Kirsten Gillibrand, D-N.Y., a member of the Senate Armed Services Committee, has met with and spoken to Hagel several times. Gillibrand is a strong advocate for the rights of women, gays and lesbians. She also represents a state with strong ties to Israel.
“I was able to express my concerns with some of his past statements and votes, with regard to Iran and Israel, with regard to women’s rights and LGBT rights, and we had a significant conversation on each of those topics,” she said. “I felt his answers were sincere and he was determined to enforce the policies of the Obama administration. He assured me he would be a leader on women’s rights and gay rights and implement the repeal of ‘don’t ask don’t tell’ and stopping the degree of violence against women in the military.”
But Gillibrand stopped short of endorsing Hagel, as have a number of lawmakers in her conference.
Senate Majority Whip Richard J. Durbin, D-Ill., said Monday that his tallies to date showed “no ‘no’ votes” for Hagel among Democrats, whose caucus holds a 55-seat majority.
Sen. Tim Kaine, D-Va., said he believed the endorsement of Hagel by Sens. Charles E. Schumer, D-N.Y., the conference chairman, and Barbara Boxer, D-Calif., both staunch Israel supporters, put to rest many Democratic concerns about Hagel’s positions on Israel and Iran.
“I though that was the case as well, and I have not had anyone in the caucus say anything to me expressing concern,” Kaine said.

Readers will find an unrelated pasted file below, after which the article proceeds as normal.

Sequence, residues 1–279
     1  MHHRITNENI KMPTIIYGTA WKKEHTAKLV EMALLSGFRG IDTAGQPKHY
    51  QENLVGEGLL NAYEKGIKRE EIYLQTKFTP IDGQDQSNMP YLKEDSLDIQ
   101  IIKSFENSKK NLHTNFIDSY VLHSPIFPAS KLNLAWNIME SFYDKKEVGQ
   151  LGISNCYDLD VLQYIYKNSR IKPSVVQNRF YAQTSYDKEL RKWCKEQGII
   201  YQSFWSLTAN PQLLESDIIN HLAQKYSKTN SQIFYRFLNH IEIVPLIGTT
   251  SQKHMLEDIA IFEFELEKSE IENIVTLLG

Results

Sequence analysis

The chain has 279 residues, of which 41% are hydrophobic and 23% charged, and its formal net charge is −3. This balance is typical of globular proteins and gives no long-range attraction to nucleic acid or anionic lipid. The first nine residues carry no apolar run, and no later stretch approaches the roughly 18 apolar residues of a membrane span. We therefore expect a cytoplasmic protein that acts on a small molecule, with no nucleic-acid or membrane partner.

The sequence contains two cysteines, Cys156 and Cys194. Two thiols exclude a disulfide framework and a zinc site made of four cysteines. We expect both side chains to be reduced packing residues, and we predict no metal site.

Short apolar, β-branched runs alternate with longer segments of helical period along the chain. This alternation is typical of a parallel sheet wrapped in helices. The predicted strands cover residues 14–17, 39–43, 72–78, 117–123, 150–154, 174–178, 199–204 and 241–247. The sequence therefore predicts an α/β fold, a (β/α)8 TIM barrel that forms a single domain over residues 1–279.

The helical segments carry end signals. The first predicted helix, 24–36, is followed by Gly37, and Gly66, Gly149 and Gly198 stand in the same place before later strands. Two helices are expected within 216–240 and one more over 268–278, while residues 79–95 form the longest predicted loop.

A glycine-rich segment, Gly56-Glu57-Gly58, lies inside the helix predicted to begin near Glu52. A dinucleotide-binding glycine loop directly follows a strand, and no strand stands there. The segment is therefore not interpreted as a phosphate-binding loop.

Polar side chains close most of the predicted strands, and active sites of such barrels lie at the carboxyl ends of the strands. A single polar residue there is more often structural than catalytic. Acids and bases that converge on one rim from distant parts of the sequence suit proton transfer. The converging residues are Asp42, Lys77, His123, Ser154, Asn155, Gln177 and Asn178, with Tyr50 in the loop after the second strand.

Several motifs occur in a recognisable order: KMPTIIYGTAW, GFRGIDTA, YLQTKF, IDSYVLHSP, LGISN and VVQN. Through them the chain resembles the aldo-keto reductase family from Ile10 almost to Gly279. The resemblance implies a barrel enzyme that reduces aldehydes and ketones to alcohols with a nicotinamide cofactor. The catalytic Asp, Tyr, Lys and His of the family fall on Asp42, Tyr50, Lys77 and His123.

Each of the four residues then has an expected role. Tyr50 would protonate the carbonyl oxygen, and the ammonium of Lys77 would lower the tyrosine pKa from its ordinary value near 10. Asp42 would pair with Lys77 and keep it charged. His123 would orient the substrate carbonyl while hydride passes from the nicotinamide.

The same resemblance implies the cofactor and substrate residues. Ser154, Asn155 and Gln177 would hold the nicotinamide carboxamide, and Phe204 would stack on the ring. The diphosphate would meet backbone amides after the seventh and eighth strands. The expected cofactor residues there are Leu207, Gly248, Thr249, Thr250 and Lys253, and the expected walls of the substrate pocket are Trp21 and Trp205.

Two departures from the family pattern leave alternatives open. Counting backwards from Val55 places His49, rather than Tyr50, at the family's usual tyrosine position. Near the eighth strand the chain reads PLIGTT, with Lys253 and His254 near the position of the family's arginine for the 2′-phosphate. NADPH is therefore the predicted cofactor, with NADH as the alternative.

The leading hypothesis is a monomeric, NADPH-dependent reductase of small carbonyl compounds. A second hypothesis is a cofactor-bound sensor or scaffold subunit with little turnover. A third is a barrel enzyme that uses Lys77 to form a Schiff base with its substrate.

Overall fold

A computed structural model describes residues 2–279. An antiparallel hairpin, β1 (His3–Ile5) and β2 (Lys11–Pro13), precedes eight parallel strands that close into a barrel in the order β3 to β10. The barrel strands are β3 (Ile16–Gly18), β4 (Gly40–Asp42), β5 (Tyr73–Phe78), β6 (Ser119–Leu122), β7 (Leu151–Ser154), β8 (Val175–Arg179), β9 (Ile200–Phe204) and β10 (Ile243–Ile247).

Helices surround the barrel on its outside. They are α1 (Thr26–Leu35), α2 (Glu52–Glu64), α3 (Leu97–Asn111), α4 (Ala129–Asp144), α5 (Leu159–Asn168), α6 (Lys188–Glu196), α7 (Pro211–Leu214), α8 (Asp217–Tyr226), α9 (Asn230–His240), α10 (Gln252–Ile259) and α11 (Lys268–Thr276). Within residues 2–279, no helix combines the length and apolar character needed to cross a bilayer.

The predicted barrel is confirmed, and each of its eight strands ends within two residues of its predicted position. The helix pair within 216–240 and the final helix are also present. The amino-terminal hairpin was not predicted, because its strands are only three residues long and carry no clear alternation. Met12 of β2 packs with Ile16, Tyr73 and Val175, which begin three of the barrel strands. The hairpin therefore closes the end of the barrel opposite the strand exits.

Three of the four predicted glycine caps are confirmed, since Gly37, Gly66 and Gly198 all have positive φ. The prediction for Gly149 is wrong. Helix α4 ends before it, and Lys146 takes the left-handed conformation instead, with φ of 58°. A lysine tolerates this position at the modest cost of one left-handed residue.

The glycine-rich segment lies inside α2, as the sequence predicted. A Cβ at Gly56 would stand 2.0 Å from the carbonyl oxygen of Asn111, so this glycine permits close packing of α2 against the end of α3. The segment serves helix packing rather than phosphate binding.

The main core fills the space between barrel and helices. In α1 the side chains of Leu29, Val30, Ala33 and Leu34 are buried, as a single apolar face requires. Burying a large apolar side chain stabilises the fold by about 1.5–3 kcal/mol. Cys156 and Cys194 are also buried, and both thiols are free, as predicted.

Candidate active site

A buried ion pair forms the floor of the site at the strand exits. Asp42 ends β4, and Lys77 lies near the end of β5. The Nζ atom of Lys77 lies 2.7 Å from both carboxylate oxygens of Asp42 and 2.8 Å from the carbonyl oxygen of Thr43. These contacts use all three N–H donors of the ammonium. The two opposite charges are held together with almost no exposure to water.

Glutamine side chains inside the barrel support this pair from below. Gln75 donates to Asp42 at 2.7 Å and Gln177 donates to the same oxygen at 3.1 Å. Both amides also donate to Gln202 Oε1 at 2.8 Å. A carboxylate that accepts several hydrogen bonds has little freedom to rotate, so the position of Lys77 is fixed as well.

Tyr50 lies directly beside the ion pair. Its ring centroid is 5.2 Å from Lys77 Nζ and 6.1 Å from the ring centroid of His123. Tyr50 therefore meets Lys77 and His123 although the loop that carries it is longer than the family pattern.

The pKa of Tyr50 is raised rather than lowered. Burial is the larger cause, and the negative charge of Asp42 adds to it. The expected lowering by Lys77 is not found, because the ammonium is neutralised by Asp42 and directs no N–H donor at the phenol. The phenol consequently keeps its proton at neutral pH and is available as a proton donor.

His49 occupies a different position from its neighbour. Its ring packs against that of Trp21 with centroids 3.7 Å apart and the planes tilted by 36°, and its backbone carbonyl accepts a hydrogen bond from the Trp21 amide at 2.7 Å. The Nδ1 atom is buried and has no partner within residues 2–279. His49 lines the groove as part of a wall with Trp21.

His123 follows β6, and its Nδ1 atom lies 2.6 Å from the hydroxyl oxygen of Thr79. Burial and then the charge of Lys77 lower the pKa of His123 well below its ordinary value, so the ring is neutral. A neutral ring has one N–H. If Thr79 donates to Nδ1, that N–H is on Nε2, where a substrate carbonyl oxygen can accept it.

Nonetheless, Kaine, too, is withholding his endorsement.
“I’m not going to declare in advance of the hearing because it kind of makes the hearing process less relevant,” he said. “But I had a very good discussion with Sen. Hagel, first by phone and then in person, talked about a series of issues.”
One senior Democratic aide said that while some Democratic lawmakers have genuine doubts, many are willing to place their faith in the president’s positions, also recognizing the need not to foul relations with Hagel.
“I am leaning toward supporting Senator Hagel,” said Mary L. Landrieu, D-La. “I think he was an excellent senator: knowledgeable, dedicated, appropriate temperament, willing to find common ground, just the kind of leadership we need in Washington. But I’m not going to make a final decision until I go through the interview process and give my constituents time to give me their views.”
Emily Cadei and Meredith Shiner contributed to this report.
Vice President Joe Biden waits to conduct a mock swearing-in ceremony with Sen. Brian Schatz, D-Hawaii, in the Capitol's Old Senate Chamber, December 2, 2014. Schatz was sworn in to serve the remainder of his term since he was appointed to the seat after Sen. Daniel Inouye, D-Hawaii, passed away.